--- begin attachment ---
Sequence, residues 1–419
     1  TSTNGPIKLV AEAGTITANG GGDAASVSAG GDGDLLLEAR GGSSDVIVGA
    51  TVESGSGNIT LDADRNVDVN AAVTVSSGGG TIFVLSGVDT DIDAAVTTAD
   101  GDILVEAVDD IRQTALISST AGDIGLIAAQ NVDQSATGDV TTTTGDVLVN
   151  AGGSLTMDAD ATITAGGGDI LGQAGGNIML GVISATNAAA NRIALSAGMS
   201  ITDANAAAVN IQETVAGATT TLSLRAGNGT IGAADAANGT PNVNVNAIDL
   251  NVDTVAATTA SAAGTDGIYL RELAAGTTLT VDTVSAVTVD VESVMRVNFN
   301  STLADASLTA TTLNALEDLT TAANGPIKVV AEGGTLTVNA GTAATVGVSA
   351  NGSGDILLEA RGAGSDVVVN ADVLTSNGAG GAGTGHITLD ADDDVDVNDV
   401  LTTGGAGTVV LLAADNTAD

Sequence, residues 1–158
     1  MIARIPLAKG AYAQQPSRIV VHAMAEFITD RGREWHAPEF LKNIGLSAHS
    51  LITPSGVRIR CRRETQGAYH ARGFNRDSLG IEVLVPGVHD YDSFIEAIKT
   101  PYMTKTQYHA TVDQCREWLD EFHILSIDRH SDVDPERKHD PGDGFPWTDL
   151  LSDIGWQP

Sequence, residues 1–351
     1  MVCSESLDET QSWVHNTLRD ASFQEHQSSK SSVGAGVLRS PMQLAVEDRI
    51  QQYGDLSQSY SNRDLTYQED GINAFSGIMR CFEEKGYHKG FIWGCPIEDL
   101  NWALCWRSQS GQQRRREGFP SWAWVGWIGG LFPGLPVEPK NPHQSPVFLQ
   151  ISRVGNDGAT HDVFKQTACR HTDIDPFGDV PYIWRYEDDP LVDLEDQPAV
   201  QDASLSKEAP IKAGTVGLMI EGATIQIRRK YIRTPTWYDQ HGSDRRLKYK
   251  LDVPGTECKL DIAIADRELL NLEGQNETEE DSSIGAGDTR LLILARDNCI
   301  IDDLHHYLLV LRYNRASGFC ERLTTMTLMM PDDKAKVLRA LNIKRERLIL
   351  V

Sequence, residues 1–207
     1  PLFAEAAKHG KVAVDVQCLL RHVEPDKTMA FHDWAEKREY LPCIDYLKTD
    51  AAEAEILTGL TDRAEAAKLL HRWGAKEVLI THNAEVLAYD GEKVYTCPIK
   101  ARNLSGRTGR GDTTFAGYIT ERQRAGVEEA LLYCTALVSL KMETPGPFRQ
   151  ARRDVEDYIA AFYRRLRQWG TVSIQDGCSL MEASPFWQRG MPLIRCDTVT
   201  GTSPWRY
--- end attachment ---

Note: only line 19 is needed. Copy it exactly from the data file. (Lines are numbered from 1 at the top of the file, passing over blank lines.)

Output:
   101  NWALCWRSQS GQQRRREGFP SWAWVGWIGG LFPGLPVEPK NPHQSPVFLQ